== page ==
Filter your manifests using Dynamic Packager

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Azure Media Services will be retired June 30th, 2024. For more information, see the AMS Retirement Guide.

When you're delivering adaptive bitrate streaming content to devices, you sometimes need to publish multiple versions of a manifest to target specific device capabilities or available network bandwidth. The Dynamic Packager lets you specify filters which can filter out specific codecs, resolutions, bitrates, and audio track combinations on-the-fly. Filtering removes the need to create multiple copies. You simply need to publish a new URL with a specific set of filters configured to your target devices (iOS, Android, SmartTV, or browsers) and the network capabilities (high-bandwidth, mobile, or low-bandwidth scenarios). In this case, clients can manipulate the streaming of your content through the query string (by specifying available Asset filters or Account filters) and use filters to stream specific sections of a stream.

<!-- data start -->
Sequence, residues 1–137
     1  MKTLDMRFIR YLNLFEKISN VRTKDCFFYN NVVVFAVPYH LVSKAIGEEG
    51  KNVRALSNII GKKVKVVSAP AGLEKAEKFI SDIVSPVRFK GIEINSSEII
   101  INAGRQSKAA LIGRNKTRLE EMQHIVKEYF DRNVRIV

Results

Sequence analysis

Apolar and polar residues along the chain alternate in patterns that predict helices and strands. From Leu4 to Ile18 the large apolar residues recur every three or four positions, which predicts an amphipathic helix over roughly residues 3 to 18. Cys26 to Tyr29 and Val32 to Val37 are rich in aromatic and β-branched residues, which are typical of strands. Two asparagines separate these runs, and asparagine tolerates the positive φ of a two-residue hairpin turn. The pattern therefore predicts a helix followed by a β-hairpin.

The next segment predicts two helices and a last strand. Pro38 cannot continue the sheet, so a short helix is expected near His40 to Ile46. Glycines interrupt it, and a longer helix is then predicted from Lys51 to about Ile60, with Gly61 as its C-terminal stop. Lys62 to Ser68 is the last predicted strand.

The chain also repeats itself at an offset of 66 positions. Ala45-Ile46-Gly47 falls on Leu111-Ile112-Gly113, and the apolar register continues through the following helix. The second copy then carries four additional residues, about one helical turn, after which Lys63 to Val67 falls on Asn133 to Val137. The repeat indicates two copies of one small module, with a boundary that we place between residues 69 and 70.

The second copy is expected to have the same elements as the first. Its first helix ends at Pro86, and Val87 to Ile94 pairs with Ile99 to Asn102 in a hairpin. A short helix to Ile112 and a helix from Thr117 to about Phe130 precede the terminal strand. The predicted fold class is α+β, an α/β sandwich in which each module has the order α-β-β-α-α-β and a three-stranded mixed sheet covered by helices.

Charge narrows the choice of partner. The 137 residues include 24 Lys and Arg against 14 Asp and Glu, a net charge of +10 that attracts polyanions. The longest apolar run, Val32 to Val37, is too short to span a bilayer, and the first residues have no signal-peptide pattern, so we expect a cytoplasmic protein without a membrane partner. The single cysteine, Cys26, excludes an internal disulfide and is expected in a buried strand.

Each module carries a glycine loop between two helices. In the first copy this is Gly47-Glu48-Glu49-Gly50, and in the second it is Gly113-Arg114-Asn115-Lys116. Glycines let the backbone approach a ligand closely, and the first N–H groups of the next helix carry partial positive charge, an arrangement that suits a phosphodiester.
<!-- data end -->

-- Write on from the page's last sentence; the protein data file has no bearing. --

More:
Some delivery scenarios require that you make sure a customer can't access specific tracks. For example, maybe you don't want to publish a manifest that contains HD tracks to a specific subscriber tier. Or, maybe you want to remove specific adaptive bitrate (ABR) tracks to reduce cost of delivery to a specific device that wouldn't benefit from the additional tracks. In this case, you could associate a list of pre-created filters with your Streaming Locator on creation. Clients then can't manipulate how the content is streamed because it's defined by the Streaming Locator.

You can combine filtering through specifying filters on Streaming Locator + additional device-specific filters that your client specifies in the URL. This combination is useful to restrict additional tracks like metadata or event streams, audio languages, or descriptive audio tracks.

This ability to specify different filters on your stream provides a powerful Dynamic Manifest manipulation solution to target multiple use-case scenarios for your target devices. This topic explains concepts related to Dynamic Manifests and gives examples of scenarios in which you can use this feature.


Dynamic Manifests don't change the asset and the default manifest for that asset.